Opioid Prescriptions Drop for First Time in Two Decades. Great news. But maybe not as great as we hoped.

Opioid prescriptions have actually been declining over a 3 year period, in the wake of an extraordinary era when they rose to incredible heights. As we’ve said so many times before, that was the result of a ┬ácomplicated set of factors, including the introduction and heavy marketing of new opioid painkillers, the widespread circulation of some questionable data on the risk of addiction, and redefined protocols for the treatment of chronic (noncancer) pain– for which there’s no clearly identifiable acute cause, and which can continue indefinitely.

Anyway, by the time the American healthcare system fully grasped the extent of the problem, we were already beginning a second-level epidemic involving street drugs. As the nation limited the availability of Oxy etc, users jumped ship to heroin.

This is how drug epidemics often work. You’re usually well behind the curve and struggling to catch up. That means an unusual number of unintended consequences. If we’d heeded the warnings of addictionologists back in the ’90s, we wouldn’t be here now. But there were plenty of warnings about the economy prior to the crash of 2008, and we somehow managed to ignore those.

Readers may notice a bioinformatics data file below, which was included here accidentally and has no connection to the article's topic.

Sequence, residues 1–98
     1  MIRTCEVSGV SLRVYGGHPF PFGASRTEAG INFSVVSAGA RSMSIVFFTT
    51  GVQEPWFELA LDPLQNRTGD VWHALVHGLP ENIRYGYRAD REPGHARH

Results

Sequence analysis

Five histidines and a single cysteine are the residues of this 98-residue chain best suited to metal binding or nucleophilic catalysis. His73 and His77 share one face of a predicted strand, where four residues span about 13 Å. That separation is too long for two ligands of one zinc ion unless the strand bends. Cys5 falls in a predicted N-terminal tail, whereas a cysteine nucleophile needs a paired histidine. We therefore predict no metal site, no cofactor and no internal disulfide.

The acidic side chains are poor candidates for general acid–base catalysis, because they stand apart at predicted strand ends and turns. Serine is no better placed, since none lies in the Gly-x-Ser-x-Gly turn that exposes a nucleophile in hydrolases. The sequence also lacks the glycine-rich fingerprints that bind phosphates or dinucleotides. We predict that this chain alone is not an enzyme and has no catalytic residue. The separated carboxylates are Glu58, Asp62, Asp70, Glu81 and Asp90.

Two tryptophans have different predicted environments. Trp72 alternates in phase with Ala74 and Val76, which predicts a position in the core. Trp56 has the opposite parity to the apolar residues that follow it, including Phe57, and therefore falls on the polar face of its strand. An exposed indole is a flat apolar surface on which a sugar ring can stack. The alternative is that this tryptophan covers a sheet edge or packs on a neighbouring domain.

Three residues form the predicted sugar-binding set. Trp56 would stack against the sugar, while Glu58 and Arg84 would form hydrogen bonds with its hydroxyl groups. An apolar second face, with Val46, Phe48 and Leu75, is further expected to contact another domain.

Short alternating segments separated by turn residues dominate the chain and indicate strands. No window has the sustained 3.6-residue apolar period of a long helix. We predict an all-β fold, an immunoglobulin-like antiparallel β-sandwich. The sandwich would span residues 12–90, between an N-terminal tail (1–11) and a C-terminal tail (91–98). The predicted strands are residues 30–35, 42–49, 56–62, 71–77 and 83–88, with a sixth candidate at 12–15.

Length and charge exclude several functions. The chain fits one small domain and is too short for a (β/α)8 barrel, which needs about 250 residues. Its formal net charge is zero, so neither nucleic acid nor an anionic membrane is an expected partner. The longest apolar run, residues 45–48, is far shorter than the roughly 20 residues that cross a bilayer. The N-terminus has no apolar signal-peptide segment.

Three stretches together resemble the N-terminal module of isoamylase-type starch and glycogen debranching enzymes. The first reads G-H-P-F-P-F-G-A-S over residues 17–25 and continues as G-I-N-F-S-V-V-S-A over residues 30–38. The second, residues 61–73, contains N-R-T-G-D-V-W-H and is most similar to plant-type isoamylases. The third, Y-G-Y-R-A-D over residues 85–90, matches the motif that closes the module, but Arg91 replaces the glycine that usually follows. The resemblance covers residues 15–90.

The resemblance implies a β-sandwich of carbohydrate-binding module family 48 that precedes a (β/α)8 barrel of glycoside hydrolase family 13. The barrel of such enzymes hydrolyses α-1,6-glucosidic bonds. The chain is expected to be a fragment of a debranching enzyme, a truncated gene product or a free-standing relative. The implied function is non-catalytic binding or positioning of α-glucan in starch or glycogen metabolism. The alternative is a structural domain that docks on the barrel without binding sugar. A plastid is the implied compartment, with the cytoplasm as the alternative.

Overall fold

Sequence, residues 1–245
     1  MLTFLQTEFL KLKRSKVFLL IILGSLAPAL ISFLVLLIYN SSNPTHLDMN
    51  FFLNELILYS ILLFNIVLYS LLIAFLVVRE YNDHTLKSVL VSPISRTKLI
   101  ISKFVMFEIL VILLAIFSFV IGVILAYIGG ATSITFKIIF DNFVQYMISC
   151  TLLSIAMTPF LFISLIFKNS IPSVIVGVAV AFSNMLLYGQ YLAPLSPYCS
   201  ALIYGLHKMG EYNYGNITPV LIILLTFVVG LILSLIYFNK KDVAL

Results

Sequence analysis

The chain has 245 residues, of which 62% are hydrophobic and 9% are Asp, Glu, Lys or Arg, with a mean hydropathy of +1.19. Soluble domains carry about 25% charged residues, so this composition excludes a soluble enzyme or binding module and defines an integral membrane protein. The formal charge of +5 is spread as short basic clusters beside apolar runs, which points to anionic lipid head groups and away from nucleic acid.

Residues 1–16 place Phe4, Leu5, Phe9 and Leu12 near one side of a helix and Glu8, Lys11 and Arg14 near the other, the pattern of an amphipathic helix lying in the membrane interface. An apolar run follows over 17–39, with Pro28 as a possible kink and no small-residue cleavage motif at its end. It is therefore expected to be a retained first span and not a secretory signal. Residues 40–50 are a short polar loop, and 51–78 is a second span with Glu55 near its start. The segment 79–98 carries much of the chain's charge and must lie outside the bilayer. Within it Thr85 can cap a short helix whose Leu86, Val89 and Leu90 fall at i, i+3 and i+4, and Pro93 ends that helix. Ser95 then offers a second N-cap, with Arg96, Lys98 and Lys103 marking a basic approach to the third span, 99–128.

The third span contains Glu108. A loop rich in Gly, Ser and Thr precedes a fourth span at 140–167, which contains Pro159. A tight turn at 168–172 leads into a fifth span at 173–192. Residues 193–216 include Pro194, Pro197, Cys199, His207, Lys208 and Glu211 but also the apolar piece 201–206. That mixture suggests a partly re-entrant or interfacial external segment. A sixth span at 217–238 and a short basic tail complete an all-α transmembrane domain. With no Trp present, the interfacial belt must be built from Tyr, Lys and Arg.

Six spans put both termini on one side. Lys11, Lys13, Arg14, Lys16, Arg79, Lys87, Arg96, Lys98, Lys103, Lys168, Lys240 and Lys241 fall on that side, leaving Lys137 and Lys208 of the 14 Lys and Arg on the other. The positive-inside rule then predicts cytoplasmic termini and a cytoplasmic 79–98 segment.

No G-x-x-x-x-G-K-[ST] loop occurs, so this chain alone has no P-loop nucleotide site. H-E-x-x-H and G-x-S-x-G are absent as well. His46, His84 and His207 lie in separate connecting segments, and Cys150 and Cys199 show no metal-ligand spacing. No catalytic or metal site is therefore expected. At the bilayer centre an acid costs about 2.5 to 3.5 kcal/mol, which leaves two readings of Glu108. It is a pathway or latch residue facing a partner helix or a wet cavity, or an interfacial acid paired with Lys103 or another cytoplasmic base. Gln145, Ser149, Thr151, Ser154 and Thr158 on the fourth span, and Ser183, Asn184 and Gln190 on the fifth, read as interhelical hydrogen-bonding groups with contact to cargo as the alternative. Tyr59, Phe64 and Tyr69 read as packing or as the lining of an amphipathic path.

As a result, I suspect few of the actions we’re taking now will produce the desired outcome any time soon– that outcome being a dramatic decrease in fatalities. It doesn’t help that many states are cutting back funds for low-cost treatment, mostly due to budget problems. I’d expect that to lead to more calls for Colorado-style legalization of cannabis, a ready source of tax revenue.

Perhaps some of that could go to treatment. Although our experience with legal casino gambling suggests it’ll be a small percentage. The bulk will go elsewhere.

Then the price of pot will fall due to competition, further reducing those tax revenues.

Geez, this is sounding like climate change– everything’s interrelated, with no quick easy solutions (those being the sort that get people elected to office).

Still, it’s a good start. Finally. I guess we’ll just have to keep plugging away.